Future Majority organizing a town hall in November

Merna Emara
Local Journalism Initiative Reporter

Future Majority’s Thunder Bay hub is organizing a Zoom town hall to have an open discussion about the Green and Just Recovery Campaign, designed to address environmental, social and racial issues as the country’s economy emerges from COVID-19.

Future Majority is a national, a non-partisan and a non-profit organization that aims to mobilize young Canadians who are passionate about climate change, mental health and more affordable housing and education, to get involved in the democratic process to push for change. It is housed at the Ryerson Leadership Lab and is funded in part by the Catherine Donnelly Foundation, the McConnell Foundation, the Ivey Foundation, the Trottier Foundation, and the Jarislowsky Foundation, as well as individual donors.

Conal Jarvis, hub leader in Thunder Bay, said COVID-19 forced them to do all of the organizing online.

“We’re still doing social media outreach and reaching out to community organizations and local politicians. We’re going to present our list of hopefully 500 petition to local MPs Marcus Powlowski and Patty Hajdu. And we’re going to offer 10 people from northwestern Ontario a chance to ask questions of their MP and get some answers concerning issues centred in our Green and Just Recovery.”

The Green and Just Recovery campaign is Canada-wide, with 60 Future Majority hubs working simultaneously from Vancouver to Mississauga to lobby for a more environmentally friendly Canadian economy.

Jarvis said Future Majority is hoping to get more young Canadians aware of their political powers as well as informing them of the organization’s democratic goals.

“We’re looking to dismantle systemic racism,” Jarvis said. “We’re trying to shift the Canadian economy to at least a more environmentally friendly one. We’re looking to reduce the cost of tuition. And we’re looking for greater availability of mental health services.”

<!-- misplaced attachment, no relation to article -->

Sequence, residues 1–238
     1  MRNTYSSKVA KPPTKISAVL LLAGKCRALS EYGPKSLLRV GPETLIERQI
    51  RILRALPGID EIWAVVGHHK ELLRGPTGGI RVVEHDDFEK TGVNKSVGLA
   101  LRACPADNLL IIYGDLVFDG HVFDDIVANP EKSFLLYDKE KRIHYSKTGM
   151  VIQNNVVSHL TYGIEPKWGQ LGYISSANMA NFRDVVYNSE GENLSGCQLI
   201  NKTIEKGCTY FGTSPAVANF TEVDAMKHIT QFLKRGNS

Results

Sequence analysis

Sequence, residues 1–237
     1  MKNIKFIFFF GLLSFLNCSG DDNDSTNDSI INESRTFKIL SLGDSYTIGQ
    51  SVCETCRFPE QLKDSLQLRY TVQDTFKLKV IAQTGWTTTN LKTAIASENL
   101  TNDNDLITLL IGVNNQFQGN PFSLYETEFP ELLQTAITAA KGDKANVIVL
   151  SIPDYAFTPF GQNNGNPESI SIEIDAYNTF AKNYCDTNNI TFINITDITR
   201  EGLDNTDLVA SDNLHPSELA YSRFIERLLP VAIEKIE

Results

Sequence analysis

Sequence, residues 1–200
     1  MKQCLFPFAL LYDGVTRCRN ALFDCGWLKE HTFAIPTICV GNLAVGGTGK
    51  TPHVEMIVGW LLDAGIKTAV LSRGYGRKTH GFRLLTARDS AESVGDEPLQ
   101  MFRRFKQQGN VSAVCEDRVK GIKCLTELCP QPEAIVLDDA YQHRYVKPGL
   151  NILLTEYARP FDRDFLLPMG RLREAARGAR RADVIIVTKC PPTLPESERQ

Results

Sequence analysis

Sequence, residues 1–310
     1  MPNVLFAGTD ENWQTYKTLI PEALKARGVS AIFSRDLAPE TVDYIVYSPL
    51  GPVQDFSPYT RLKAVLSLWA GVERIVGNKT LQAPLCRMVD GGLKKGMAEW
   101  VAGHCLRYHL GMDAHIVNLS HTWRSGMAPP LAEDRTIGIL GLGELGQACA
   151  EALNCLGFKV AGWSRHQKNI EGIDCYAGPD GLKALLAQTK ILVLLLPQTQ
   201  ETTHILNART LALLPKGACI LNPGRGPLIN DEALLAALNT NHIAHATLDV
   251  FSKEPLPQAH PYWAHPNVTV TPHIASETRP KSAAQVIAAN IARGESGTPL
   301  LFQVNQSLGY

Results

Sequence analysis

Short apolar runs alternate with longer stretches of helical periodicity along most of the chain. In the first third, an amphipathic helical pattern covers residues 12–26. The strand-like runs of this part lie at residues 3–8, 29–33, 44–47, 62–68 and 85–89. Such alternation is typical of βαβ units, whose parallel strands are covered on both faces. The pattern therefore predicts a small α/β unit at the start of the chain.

Riley Fredrickson, second year education student at Lakehead University and a volunteer for Future Majority, said she is doing community outreach to get politicians and other community leaders to come to the town hall to have an open discussion about what the youth are hoping Canada will look like post-pandemic and how it can be more equitable and greener.

“There are multiple town halls happening across Canada,” Fredrickson said. “Everyone in these hubs is working towards a common goal of organizing this town hall and having open discussions with community leaders and politicians.”

Fredrickson said COVID-19 forcing people into isolation made many realize that there are aspects of Canadian society which can be improved on.

“I also think that they start to realize that it’s really important for young people to have a voice as the largest voting block. We want to make sure that young people feel like they have a voice and that they are comfortable speaking about politics and hoping to enact positive change within that age group and demographic.”

According to a poll from Abacus Data, which specializes in polling data from the millennial population, about 70 per cent of young Canadians under 30 years want to see changes from the government post-pandemic. Many responded that a post-COVID recovery plan should focus on transitioning to a clean, low-carbon economy and effectively deal with climate change.

“I love to work with future majority because I see my hopes becoming a reality, which is really awesome,” Fredrickson said. “And it makes me really proud of the work that they do. I’m really grateful to be able to do that work alongside them.”